Several reforms have been made to federal student loan programs in recent years. Starting in 2010, the federal government stopped issuing loans under the Federal Family Education Loan (FFEL) program—which offered privately funded, federally guaranteed loans—and began issuing these loans directly from the federal government via the already existing William D. Ford Federal Direct Student Loan Program (“Direct Loans”). At the time of enactment, the Congressional Budget Office (CBO) projected that this would save the federal government $56 billion over 10 years.3 As a result of this reform, along with the opportunity to refinance existing FFEL loans into Direct Loans, approximately 60 percent of the over $1 trillion in outstanding federal loans are now Direct Loans. Around 85 percent of all outstanding student loans are guaranteed by the federal government.
Another recent reform has been the creation of new repayment methods that limit monthly payments to a percentage of income—as opposed to requiring payment of a fixed dollar amount. For borrowers that elect income-based repayment, debt service is limited to 10 percent of income, with remaining balances forgiven after 10 years for those pursuing public service professions, and 20 years for workers in the private, for-profit sector. These changes could alleviate some of the longer-term impact of student debt on retirement savings, although some borrowers could also end up paying more in interest over the life of the loan.
Other policy changes to the program have included: stricter underwriting standards for parent loans; rules that hold institutions accountable for poor labor market outcomes; reduced subsidies to graduate students; and a new formula for calculating student loan interest rates (which will now be based on the 10-year Treasury note plus a margin). These reforms may impact the trajectory of the issuance of student loans and the total amount received in repayment.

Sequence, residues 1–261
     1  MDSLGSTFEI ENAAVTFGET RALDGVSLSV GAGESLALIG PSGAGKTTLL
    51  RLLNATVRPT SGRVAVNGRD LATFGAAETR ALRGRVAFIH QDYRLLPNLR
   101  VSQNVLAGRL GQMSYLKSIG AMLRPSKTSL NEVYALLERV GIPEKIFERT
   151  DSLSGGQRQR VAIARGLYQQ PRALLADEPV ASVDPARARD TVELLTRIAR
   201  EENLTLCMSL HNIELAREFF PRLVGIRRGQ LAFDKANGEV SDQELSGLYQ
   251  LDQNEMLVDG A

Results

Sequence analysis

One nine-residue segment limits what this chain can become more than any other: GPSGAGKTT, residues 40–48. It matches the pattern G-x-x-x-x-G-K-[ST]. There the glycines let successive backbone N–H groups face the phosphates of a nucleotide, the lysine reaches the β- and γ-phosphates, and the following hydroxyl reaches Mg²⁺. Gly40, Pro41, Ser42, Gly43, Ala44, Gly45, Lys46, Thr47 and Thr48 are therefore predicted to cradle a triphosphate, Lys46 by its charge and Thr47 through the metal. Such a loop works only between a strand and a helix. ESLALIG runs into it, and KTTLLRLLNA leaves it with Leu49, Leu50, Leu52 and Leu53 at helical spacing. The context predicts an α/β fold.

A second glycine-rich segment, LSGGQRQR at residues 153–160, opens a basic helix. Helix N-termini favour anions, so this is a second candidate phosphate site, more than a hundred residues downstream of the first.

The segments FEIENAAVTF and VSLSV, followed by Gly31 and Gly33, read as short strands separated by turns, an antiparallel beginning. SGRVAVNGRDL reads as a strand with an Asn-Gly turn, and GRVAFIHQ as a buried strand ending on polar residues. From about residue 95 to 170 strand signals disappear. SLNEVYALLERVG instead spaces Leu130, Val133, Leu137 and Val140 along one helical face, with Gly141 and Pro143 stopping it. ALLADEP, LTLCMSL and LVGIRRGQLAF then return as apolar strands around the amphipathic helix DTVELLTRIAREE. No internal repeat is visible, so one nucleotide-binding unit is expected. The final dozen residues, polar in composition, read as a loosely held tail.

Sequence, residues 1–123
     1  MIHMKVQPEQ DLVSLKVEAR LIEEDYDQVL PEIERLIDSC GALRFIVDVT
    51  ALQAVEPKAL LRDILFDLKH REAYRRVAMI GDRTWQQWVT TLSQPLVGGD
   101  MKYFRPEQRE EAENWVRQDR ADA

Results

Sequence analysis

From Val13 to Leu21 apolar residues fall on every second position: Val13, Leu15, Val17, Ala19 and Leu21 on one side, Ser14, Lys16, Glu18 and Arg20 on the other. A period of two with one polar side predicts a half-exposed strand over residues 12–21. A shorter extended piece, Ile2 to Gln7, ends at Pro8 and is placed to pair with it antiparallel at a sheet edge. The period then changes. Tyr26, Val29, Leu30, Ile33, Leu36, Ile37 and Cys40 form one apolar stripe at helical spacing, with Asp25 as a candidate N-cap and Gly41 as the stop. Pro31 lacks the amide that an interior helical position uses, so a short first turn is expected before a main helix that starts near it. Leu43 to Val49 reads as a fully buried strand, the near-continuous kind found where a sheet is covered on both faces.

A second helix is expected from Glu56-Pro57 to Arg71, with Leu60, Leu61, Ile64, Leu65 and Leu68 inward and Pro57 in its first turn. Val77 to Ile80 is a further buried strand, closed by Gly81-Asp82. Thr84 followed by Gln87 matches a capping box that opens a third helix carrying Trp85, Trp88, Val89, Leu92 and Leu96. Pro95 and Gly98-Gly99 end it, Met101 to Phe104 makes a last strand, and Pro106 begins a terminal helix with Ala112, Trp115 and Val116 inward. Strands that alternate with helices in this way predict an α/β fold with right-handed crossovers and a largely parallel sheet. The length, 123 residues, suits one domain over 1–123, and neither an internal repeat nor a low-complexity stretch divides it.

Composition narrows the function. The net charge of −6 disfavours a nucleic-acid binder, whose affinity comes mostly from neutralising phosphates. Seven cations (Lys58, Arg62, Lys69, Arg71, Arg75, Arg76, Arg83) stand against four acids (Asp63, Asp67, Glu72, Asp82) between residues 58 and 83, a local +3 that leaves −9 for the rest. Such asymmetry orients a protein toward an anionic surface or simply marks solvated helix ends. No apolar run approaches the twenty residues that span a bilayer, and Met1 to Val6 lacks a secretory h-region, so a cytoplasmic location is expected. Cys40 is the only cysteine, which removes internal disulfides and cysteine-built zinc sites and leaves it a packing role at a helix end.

The Obama administration has proposed additional reforms that would rate colleges based on metrics of institutional performance – such as graduation rates and student debt levels. Many in Congress have their own proposals. Thus, significant policy questions regarding student lending remain, and education indebtedness will likely continue to grow without additional reforms.
BPC’s Commission on Retirement Security and Personal Savings will consider the impact of student loans on retirement preparedness as it develops final recommendations to be released later this year.
Up Next in Retirement in America:
#12: One Big Asset: Homeownership
#13: Social Security and You
View all posts in BPC’s Retirement in America series under Related Stories below.
1 This figure is inflation-adjusted.
2 Inflation grew by about 25 percent over the same period.
3 BPC calculation based on http://www.cbo.gov/sites/default/files/cbofiles/ftpdocs/113xx/doc11379/amendreconprop.pdf